National Society Recognizes College of Engineering as “Academic Ally”

UNIVERSITY PARK, Pennsylvania – On behalf of the Penn State College of Engineering, Justin Schwartz, Dean Harold and Inge Marcus of the College of Engineering, and Esther Adhiambo Obonyo, Associate Professor of Engineering Design and Architectural Engineering and Director of the Global Building Network, received the Academic Ally Award from the American Society of Mechanical Engineers (ASME) on December 2, 2021.

The award was one of five “best of the best” honors given out at the fifth annual ASME Engineering for Change (E4C) Impact.Engineered. This meeting celebrates the sustainable development ecosystem that brings together leading engineers, philanthropists, academics and social entrepreneurs working to achieve the United Nations Sustainable Development Goals by 2030 and improve the quality of life in the world. world.

“The E4C program facilitates critically important work, and we are proud and grateful to be strong supporters,” Obonyo said during the virtual ceremony.

Recognized for its ongoing partnership with the ASME and E4C programs and its shared mission to train the future workforce together, the college has demonstrated a commitment to social innovation with meaningful programs and faculty who are encouraged and supported, according to ASME. Specifically, ASME highlighted thelatest impact project between E4C and Penn Stateon assessing barriers preventing the effective application of housing solutions to improve housing resilience to flooding using Dar es Salaam, Tanzania as a case study. E4C selects an annual cohort of fellows from various graduate programs at universities across the country to pursue research projects related to supporting the SDGs.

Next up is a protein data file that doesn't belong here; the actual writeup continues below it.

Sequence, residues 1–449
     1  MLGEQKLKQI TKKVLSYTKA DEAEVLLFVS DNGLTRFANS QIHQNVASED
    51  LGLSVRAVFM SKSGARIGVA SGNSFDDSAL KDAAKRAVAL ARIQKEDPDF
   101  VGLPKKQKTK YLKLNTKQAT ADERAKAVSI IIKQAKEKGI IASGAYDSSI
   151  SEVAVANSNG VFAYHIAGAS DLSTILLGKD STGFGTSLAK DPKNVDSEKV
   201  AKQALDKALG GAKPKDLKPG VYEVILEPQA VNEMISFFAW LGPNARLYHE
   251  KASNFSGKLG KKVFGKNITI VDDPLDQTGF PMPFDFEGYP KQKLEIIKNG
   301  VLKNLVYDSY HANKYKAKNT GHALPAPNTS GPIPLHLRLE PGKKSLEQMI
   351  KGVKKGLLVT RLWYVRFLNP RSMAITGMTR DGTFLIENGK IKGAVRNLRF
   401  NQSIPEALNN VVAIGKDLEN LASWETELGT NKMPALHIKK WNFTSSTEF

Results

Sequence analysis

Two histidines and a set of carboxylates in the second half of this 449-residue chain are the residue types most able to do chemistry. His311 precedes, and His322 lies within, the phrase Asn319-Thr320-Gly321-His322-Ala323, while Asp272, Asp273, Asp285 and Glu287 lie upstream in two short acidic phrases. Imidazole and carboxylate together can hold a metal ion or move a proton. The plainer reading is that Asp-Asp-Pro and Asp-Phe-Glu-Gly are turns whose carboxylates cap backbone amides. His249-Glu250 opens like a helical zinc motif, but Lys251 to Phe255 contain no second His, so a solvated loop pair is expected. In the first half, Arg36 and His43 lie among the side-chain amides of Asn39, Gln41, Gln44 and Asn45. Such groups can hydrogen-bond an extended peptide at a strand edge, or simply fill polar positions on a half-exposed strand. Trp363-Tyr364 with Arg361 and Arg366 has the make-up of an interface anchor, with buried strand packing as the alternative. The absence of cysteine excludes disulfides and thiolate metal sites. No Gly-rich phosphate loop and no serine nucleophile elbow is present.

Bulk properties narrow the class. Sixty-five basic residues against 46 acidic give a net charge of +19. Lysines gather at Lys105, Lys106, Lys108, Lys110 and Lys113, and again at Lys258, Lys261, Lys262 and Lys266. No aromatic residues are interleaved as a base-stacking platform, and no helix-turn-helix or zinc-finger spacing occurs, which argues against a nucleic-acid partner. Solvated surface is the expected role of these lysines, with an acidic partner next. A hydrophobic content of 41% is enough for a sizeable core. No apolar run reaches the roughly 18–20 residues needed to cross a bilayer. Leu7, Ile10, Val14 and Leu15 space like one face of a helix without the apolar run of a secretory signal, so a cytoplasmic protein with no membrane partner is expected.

Obonyo advised and mentored two Penn State teams E4C Fellows related to resilient housing:

  • 2020: Sun Hwi Bang, PhD student in materials science and engineering, and Julio Diarte, PhD student in architecture, who developed design and material concepts for resilient social housing in Kenya and Tanzania

  • 2021: Tiffanie Leung, graduate student in architecture, and Ali Ghazvinian, doctoral student in architecture, who advanced the concepts by examining barriers and enablers to scale up the deployment of affordable and resilient housing strategies in Dar es Salaam.

“Much of our work is channeled through our Humanitarian Engineering and Social Entrepreneurship program and, more recently, through the Global Building Network, formed as a partnership between Penn State and the United States Economic Commission. United Nations for Europe, and led by Professor Obonyo, to implement solutions for the built environment worldwide,” Schwartz said at the ceremony. “With participants from all facets of Penn State and beyond, we enthusiastically support projects that apply engineering in ways that improve the lives of everyone. We design for humanity, and we are proud to partner with E4C in this pursuit.

Kendra Sharp, Head ofNational Science Foundation Office of International Science and Engineering, presented the award to Schwartz and Obonyo.

To see the full list of rewards and learn more about the event, read the original press release here.

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